print on 4x6 paper.
    zakezuke, May 29, 2006
  14. cmashieldscapting

    Bill Funk Guest

    By "original label" do you mean the label that came on the VHS tape
    shell itself? If so, how did you get it off the shell? Are you sure it
    will accept inkjet ink?
    And there's a relatively easy way to do what you want: scan the
    original label, put it over the background in something like
    Publisher, then make and print the label as you wish. Of course,
    you'll need a way to position the label so that it's printed right.
    That's why the labels you say are wasteful and expensive are there:
    the ease of use is great, the paper itself is designed for inkjet
    use,, you don't have to overwrite the original label, and the adhesive
    works better than that on the original (which obviously has to come
    off to be printed on).
    Or did I miss something?
    Bill Funk, May 30, 2006
  15. Most blank VHS tapes for home use come with peel and stick labels not
    already on the shell. Those that do come with labels on the shell come
    with others that can be pasted on over or in place of them.
    No idea.
    Well, it beats cutting something out with scissors.
    I'm not such a purist about original labels for using what came with
    the box as I am for not having to buy bales of blank labels--might be
    the way to go, though. Sticking with the original label I'd have to
    ask not only would the printer ink be compatible, but could I be sure
    of positioning it to print right each time--by which time I could just
    run it through the typewriter. And it's one of the few uses I have for
    this lifetime supply of typewriter ribbon I've got.

    cmashieldscapting, May 30, 2006
  16. So is this saying I'd be less well off with the RX700 than with an R
    200 or R 220?
    Still having a hard time deciding which is best. The pigment inks
    sound a bit more archival than the others. Do the others have other
    advantages such as being significantly better-looking, less expensive
    ink, easier use, or anything? Thanks.

    cmashieldscapting, May 30, 2006
  17. cmashieldscapting

    zakezuke Guest

    I'm saying the rx700 uses smaller drops. It could mean higher
    resolution, or improved defination, but as i've not met the printer
    personaly I can't say it's an improvement. I can say it costs more and
    has a printhead which by all rights costs more to employ. The ink is
    also different, but that's all I know. I know so little about it I
    have to reference PCmag, which was as always useless.
    Well, you can pickup the r200 referb for $59, it's less than the ink,
    so it's no great loss.
    Dyes look better on photo paper, and probally better on TDK costco

    Ease of use doesn't really enter into the picture. Near as i'm aware
    the Epson series uses the same software all around for CDs, same with
    canon. The software I listed prior supports the Epson perfectly well,
    and with the exception of SureThing the canon as well. Surething has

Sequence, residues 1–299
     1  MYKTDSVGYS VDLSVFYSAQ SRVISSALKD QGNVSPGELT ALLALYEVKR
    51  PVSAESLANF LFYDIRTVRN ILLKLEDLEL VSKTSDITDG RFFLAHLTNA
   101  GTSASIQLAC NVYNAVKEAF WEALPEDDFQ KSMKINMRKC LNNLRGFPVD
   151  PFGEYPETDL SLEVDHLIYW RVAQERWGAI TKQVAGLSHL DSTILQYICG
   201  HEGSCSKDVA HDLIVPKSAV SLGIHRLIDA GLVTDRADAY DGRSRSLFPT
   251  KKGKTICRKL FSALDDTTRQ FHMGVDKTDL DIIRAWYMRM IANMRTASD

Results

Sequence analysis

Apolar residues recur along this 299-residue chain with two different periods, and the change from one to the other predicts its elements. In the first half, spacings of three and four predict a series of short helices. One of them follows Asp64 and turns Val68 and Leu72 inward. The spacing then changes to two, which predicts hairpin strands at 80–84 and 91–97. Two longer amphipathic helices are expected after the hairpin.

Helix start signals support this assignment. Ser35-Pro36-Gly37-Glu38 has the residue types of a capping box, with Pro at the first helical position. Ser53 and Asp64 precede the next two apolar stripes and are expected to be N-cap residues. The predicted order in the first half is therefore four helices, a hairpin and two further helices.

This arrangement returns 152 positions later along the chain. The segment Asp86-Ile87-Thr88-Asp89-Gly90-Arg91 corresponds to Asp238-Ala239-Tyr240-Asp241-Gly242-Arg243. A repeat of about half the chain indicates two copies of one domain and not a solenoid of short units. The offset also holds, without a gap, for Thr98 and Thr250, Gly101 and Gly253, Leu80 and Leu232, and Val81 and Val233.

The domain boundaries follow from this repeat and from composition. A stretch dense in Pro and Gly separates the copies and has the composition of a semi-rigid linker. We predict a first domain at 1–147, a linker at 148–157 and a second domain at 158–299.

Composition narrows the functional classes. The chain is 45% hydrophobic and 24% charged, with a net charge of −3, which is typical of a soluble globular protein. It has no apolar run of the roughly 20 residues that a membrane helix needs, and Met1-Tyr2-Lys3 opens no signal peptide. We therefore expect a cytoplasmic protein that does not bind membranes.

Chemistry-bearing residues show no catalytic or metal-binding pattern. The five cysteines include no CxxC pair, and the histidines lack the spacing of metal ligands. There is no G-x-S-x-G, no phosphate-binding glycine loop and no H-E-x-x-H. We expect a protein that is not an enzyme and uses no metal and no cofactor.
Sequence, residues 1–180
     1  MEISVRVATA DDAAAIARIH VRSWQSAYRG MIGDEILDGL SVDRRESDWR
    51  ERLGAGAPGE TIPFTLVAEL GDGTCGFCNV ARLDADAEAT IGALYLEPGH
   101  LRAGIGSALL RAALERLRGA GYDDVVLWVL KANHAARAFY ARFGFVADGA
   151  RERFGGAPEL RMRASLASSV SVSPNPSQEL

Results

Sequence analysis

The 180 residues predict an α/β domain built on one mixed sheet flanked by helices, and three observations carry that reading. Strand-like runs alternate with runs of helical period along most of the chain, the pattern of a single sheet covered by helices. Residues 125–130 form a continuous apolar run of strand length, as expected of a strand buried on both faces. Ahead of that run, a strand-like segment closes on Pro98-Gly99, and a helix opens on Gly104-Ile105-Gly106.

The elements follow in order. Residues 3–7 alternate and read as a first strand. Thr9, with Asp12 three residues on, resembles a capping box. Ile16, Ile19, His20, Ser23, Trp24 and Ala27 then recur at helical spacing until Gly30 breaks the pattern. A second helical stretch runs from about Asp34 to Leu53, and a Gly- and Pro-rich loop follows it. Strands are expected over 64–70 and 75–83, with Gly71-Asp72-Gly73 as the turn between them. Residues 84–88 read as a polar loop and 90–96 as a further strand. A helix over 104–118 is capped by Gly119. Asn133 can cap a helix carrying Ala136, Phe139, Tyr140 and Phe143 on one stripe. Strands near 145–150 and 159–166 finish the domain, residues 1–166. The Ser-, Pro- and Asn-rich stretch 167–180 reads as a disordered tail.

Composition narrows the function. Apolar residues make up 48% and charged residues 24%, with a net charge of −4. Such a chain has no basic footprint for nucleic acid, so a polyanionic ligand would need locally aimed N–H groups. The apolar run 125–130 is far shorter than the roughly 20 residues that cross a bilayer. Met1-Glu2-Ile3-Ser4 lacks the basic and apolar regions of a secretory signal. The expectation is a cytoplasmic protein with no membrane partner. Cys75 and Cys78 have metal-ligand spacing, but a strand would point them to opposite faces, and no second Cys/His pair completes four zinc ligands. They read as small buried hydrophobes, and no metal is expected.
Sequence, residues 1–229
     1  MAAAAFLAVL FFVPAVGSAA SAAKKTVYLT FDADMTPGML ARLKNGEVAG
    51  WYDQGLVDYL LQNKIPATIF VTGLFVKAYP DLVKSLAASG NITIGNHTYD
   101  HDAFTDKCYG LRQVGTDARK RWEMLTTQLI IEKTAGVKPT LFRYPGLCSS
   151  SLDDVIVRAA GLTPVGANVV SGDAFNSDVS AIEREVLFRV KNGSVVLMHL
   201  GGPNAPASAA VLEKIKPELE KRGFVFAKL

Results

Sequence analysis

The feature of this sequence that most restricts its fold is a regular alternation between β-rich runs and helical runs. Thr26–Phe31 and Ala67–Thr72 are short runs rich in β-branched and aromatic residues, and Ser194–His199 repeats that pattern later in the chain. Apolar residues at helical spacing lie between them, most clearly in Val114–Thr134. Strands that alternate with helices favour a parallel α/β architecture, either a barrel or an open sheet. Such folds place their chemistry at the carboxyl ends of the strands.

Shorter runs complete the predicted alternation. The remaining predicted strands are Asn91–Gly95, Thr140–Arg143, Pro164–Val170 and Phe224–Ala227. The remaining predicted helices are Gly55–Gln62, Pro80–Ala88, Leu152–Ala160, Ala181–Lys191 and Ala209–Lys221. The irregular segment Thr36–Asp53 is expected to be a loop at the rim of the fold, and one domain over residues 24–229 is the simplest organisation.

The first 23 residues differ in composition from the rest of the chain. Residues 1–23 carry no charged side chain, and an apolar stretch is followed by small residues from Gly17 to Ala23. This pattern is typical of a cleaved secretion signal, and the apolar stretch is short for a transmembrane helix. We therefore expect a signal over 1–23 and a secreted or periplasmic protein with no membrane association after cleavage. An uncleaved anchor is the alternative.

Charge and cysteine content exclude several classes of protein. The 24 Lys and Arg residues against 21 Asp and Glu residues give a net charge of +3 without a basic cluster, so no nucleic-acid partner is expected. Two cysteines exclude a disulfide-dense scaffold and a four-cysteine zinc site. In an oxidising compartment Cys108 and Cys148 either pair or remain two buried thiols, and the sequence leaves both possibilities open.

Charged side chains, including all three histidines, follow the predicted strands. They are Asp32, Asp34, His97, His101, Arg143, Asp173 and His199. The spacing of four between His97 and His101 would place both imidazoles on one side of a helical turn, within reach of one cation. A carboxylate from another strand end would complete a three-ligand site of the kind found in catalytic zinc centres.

unoffical canon support which is, to be fair, tweeky.

    Though it would seem the Canon ink costs a pretty penny, only having to
    refill 4 tanks out of 5 to do cd printing helps. Canon does a great
    job with only 4 colors. I'm just getting into my ip5200 my self and I
    have to say so far i'm really impressed.

    The r800 is @ $200 for a referb edition, which should carry the year
    warranty the last time I asked epson, is really a good deal. Normally
    the printer is $350/$400. The big benifit is the fact prints look
    good, really good, on regular matte paper, and is archival on matte
    paper. The offical Epson matte paper heavyweight is only $10 for 50
    sheets. Wilhelm-research says the r300 is 30 years under glass, vs
    But this is the time you should ask for a sample from Epson ((800)
    463-7766). Do evaluate the the r2x0/3x0 vs the rx700 vs the r800.
    Specifications and infomation is one thing but you really should see
    pigments vs dye for your self to make the final choice.
    You might want to look at these images as well. They contrast the r800
    with a HP photosmart 8450 and the canon ip8500, a super duper model
    which can only be had on closeout presently.
    zakezuke, May 30, 2006
  18. cmashieldscapting

    Allen Guest

    Measure those labels, which vary in size from brand to brand of VCR
    tape. When I say measure, I'm not talking about the label itself, but
    the backing paper that holds the label. Then go to each manufacturer's
    web site and check the minimum size paper that the printer will handle.
    Most have a minimum size of three inches in the smaller dimension, and
    five inches in the larger. The length is not going to be a problem, but
    the width will be.
    Allen, May 30, 2006
  19. cmashieldscapting

    Allen Guest

    Measure the labels--not just the label itself, but the sheet of backing
    paper that holds the label(s). Then go to each manufacturer's web site
    and find the minimum size paper that each printer will handle. (While
    you arethere, _please_ checl all the other specs as well.) I think you
    are unlikely to find a printer that will handle paper less than three
    inches wide, which will rule out handling most of those labels that are
    included with the cartridges.

    Allen, May 30, 2006
  20. cmashieldscapting

    Allen Guest

    Sorry for the double post. My system told me the first message had not
    been sent, so I rewrote it and tried again.
    Allen, May 30, 2006
    1. Advertisements

Ask a Question

Want to reply to this thread or ask your own question?

You'll need to choose a username for the site, which only take a couple of moments (here). After that, you can post your question and our members will help you out.